Developing Kenya’s infrastructure has become a never-ending task that seems to rest on the hands of politicians and good-will ambassadors like the World Bank. Despite billions of dollars in funding and the ever-growing need to create employment, it’s safe to say that whoever is responsible for pushing development projects through has fallen short of everyone’s expectations.
As a result, there is an ongoing debate about the repercussions of outsourcing local development projects to international firms. Some say that giving away local assignments is like giving away jobs that millions of Kenyans desperately need. Others argue that outsourcing is not about creating employment. This particular group of people says that work is not simply done for the sake of giving people jobs. They assert that projects involving building and construction need a professional touch.
Last year, the government was actually looking for contractors to build and design three water gateways that would be used to expand the Lamu Port. The USD 5.3 billion (KES 460.3 billion) project was open to local firms but delays may see it fall into the hands of foreign contractors.
But what happens to the country’s own team of professional architects and engineers? What’s the point of lumping them in with those who just take on projects and intentionally lower their standards in order to line their pockets with even more money?
As much as some contractors would like to be recognized for their professional integrity, the fact remains that local talent has been tainted by those who fail to ensure a certain level of quality in the work they do.
Take, for instance, the short stretch of tarmac next to Yaya Center, connecting Ngong Road to Hurlingham. Construction has been going on for almost a year now and some people would agree that the team has been doing a shoddy job (in terms of progress).
You can blame it on the managers, the contractors, corruption, a poor work ethic or even lazy workers. Whatever the case, their progress has been slow.
Anyone will half a mind will tell you that extended contracts cost more money than was initially needed to complete a project. Greedy contractors are therefore likely to capitalize on such opportunities by wasting time.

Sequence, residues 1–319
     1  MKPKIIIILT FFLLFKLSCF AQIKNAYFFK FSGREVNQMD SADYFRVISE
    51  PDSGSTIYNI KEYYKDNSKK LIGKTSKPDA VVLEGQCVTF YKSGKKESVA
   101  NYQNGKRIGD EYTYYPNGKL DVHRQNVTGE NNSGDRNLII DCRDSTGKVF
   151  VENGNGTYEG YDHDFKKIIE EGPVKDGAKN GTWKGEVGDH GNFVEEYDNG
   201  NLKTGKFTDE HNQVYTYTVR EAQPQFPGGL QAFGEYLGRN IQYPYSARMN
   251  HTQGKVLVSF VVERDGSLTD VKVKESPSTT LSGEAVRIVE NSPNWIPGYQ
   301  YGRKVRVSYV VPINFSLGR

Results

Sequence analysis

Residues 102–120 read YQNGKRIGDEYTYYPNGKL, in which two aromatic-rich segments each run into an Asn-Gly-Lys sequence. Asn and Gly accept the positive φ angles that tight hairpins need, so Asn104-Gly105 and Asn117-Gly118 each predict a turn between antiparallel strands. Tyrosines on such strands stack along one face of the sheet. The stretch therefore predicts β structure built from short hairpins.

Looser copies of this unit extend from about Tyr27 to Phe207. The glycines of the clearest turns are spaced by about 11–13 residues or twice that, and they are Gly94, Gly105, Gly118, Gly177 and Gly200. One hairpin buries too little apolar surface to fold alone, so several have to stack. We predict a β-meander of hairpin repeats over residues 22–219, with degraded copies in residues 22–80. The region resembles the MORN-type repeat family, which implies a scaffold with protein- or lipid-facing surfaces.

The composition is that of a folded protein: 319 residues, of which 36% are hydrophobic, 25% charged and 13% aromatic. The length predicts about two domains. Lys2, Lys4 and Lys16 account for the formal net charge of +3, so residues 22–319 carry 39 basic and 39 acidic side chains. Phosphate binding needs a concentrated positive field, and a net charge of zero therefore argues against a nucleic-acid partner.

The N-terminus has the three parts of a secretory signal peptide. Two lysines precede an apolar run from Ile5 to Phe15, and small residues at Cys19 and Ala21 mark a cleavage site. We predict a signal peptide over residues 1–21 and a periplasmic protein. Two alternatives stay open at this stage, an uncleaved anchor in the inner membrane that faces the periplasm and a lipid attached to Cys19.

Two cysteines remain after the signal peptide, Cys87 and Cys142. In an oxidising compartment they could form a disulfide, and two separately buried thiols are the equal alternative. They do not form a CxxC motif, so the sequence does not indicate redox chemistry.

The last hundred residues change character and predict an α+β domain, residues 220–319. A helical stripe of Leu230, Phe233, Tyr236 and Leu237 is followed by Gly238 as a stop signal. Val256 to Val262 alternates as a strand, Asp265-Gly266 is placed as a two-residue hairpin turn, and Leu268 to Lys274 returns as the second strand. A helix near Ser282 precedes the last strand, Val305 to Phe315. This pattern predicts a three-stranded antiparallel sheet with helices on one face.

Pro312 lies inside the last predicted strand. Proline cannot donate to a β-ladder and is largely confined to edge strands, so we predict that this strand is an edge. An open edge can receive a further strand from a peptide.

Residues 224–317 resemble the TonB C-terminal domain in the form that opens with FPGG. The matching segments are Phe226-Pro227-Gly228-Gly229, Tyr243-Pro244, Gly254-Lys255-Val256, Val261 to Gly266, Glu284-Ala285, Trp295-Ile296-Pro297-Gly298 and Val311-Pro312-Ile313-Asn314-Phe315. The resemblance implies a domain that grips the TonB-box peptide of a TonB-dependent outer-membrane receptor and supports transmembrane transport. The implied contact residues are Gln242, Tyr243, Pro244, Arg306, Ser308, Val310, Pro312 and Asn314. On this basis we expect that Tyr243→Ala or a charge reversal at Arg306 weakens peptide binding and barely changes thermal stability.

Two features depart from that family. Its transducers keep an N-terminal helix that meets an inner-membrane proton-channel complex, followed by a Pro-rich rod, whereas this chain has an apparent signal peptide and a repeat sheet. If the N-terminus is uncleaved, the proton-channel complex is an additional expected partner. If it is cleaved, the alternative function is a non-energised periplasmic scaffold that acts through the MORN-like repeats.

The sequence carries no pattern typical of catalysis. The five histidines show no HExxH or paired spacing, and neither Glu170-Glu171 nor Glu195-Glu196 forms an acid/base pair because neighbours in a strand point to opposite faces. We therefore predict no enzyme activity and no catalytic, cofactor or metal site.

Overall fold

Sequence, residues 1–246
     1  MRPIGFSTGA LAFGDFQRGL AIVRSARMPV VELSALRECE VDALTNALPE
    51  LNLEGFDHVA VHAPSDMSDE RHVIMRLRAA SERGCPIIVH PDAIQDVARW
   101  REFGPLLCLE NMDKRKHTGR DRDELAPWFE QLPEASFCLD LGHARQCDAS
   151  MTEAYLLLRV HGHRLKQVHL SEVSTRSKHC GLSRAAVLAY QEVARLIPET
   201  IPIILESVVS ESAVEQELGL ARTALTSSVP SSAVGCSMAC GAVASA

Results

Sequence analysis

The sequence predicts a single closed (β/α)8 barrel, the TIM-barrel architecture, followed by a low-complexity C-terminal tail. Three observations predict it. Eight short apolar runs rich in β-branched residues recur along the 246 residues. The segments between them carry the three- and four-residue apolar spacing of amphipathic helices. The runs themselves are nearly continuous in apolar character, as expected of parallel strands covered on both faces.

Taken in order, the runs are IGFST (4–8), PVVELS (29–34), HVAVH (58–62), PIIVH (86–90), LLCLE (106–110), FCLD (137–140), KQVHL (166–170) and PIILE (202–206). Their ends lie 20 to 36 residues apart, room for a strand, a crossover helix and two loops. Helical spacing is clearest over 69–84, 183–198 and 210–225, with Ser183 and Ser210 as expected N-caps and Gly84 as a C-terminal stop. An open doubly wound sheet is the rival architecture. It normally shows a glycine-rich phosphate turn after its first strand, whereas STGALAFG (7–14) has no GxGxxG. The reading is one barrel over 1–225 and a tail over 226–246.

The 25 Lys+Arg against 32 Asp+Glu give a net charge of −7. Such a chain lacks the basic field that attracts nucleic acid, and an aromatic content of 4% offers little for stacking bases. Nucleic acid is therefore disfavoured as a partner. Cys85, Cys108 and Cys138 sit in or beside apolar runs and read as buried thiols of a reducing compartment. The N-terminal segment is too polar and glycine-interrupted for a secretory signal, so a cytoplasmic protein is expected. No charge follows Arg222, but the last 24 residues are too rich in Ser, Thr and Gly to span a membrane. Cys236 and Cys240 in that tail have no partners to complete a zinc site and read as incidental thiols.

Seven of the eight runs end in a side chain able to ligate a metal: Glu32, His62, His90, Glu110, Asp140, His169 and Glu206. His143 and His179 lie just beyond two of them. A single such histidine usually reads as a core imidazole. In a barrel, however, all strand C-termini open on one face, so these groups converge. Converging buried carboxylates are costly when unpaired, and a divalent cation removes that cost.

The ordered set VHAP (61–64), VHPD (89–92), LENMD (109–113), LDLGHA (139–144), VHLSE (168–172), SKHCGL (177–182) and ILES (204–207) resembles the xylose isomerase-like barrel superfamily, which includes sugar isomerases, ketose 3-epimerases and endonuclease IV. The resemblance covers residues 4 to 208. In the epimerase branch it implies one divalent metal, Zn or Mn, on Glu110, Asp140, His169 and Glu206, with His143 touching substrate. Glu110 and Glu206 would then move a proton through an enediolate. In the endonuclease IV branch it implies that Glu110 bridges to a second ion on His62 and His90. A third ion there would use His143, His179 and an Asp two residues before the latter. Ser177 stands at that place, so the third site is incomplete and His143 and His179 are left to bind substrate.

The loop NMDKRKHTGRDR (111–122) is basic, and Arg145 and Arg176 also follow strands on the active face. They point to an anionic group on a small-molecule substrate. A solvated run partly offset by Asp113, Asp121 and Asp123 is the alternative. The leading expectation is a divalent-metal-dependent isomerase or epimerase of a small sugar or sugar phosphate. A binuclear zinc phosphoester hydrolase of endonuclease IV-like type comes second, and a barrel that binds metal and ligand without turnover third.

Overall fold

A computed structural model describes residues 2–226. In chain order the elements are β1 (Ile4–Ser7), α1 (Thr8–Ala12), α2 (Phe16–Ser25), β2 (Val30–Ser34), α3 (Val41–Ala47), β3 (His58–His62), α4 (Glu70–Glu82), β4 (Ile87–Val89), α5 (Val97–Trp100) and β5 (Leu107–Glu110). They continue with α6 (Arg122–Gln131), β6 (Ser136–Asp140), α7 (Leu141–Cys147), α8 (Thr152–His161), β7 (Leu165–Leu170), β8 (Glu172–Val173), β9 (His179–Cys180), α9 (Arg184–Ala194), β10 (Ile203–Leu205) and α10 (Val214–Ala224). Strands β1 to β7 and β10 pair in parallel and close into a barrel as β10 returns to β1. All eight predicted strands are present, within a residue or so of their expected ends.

For a construction worker, time is money and an extension means that they can continue to cash in their by-monthly cheques.
For pedestrians using that stretch, this has become a major inconvenience. The walkway is clustered with mud and puddles of water. There is a rectangular ditch that fills with water every time it rains. The workers barely drain it in time to fill the ditch. And by the time it is empty, the rains are at it again.
Whoever these contractors are, they seriously need a wake-up call. If the Thika Super Highway can achieve a significant amount of progress in such a short span of time, what the hell are these people doing? Imagine if they were the ones commissioned to build the KES 31 billion super highway. All that money would have gone to waste!
There must be a host of other local contractors who can wrap this up at least within the next two weeks. What pedestrians and motorists need is a construction company which will work fast and effectively. It’s not about how many jobs the firm can create. It’s all about the quality of service that they can provide.
If none of the locally-available companies are up to the task, then why not sack the current firm and choose the lesser of two evils? Outsourcing a development project to an internationally-renowned team from a country like China may not be such a bad idea. As much as it is important to “promote local talent”, a shoddy job is nothing to smile about.
That said, why not let the people who built the world’s greatest wall build roads for the city with the continent’s fastest growing real estate development? (Nairobi has recorded a 21.8% growth in its high end property market ranking it 3rd in the world and 1st in Africa according to a survey on prime global cities by Knight Frank).